Licensing Iowa midwives would help the state's disappearing birth centers and OB/GYNs
In Iowa, the rate of maternal death is rising. At the same time, the number of birth centers and OB/GYNs is falling. Some advocates argue midwives could be part of the state's solution.
For more than two decades, a handful of lawmakers have been trying to pass legislation that would create a licensure process for Iowa's midwives, people trained to assist in birthing a child. But a bill has never reached the floor of either legislative chamber until now.
Last week, the Iowa House passed a bill that would regulate the practice, giving midwives access to medication for conditions like hemorrhage and access to Medicaid to cover costs associated with midwifery. On this episode of River to River, host Ben Kieffer speaks with two legislative leaders from opposite sides of the aisle who've been working to pass this bill since the beginning. We also hear from a midwife and doula working to get the bill approved. And Ida Darragh, the executive director of the North American Registry of Midwives, stops by to explain how this push to professionalize the field has looked elsewhere.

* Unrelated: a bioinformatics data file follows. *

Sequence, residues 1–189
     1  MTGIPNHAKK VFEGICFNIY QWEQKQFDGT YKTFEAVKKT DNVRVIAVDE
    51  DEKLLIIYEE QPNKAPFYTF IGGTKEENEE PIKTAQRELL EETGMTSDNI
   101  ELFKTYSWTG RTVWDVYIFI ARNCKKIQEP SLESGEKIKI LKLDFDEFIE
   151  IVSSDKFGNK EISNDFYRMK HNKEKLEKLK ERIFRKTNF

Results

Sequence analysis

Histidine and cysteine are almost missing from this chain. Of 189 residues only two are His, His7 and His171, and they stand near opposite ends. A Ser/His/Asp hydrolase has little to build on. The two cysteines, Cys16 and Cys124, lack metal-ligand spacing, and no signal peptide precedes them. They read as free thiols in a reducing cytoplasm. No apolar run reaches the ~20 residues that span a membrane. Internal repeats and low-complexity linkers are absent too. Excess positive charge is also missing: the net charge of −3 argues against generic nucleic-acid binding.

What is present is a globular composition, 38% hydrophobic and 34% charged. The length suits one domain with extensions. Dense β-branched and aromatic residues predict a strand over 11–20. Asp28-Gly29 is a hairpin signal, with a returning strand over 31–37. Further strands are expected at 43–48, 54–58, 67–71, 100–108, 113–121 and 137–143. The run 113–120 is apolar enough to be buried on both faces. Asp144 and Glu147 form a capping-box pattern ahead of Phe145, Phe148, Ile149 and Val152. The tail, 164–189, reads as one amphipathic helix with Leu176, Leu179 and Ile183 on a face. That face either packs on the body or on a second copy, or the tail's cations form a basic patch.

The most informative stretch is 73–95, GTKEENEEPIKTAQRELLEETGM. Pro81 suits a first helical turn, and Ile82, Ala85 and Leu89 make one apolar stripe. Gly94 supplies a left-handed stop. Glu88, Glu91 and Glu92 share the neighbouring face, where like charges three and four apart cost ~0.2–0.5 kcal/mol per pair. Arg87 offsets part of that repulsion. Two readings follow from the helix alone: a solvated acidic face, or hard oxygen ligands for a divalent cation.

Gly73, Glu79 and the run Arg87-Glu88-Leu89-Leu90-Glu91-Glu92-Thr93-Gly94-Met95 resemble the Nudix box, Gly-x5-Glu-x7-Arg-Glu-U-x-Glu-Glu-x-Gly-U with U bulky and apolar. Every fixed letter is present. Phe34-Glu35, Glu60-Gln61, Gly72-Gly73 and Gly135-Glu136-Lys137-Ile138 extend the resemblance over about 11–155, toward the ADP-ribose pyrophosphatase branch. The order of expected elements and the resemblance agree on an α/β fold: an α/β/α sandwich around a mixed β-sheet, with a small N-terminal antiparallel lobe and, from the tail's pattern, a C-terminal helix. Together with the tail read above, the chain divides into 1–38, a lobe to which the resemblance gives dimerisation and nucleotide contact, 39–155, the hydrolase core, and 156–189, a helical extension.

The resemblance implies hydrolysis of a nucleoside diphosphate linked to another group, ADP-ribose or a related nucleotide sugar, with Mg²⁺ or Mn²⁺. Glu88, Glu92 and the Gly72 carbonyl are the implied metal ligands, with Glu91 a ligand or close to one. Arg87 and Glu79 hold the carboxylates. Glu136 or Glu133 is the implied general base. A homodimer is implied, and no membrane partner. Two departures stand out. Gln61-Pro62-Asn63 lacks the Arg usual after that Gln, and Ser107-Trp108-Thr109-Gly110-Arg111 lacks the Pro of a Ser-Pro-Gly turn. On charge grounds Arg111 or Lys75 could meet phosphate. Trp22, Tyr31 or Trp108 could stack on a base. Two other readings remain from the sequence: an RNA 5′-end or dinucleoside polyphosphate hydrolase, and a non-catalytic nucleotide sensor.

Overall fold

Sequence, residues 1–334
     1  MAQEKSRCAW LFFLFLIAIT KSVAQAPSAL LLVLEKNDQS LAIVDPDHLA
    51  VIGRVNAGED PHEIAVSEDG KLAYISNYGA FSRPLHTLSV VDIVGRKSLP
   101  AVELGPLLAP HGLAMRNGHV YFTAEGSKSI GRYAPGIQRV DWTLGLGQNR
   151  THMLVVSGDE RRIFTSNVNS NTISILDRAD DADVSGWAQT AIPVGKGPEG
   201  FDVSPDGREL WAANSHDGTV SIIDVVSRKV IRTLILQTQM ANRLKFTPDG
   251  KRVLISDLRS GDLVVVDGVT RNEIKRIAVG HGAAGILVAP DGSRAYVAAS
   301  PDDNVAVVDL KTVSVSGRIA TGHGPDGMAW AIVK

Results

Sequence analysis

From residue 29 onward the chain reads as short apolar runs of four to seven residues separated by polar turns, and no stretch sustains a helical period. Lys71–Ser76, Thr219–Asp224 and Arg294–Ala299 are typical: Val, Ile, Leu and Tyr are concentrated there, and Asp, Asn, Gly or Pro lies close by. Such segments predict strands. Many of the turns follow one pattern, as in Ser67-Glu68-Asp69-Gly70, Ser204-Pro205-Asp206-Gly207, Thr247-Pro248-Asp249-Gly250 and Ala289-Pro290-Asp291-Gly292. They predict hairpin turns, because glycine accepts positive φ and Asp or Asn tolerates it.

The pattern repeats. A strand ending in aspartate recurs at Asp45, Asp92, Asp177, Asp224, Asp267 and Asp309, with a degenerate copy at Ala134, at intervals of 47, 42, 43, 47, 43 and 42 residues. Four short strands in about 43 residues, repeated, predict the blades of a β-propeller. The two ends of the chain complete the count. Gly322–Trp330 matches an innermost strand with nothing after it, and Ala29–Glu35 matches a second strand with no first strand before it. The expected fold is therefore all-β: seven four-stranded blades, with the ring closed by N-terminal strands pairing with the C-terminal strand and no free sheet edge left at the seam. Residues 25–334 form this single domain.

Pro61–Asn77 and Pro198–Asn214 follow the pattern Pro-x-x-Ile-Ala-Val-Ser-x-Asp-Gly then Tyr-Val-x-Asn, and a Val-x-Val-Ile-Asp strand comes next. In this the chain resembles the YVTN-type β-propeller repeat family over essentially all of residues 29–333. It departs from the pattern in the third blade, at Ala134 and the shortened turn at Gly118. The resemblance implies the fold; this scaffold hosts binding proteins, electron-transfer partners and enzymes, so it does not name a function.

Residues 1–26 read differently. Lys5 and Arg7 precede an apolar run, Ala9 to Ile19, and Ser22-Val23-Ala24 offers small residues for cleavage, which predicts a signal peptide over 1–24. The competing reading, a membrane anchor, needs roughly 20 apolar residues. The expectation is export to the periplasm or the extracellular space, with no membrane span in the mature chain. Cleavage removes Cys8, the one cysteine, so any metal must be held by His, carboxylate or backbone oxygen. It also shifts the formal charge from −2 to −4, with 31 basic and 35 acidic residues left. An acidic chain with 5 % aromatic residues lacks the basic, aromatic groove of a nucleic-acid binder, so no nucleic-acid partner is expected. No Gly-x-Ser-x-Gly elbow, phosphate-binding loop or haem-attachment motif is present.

- Natalie Krebs, IPR’s health reporter
- Ida Darragh, executive director of North American Registry of Midwives
- Bethany Gates, midwife based out of Vinton, Iowa
- State Rep. Bobby Kaufmann, Iowa Republican representing Cedar County and northeastern Johnson County
- State Rep. Mary Mascher, Iowa Democrat representing part of Iowa City
- Megan Day Suhr, doula based out of Knoxville, Iowa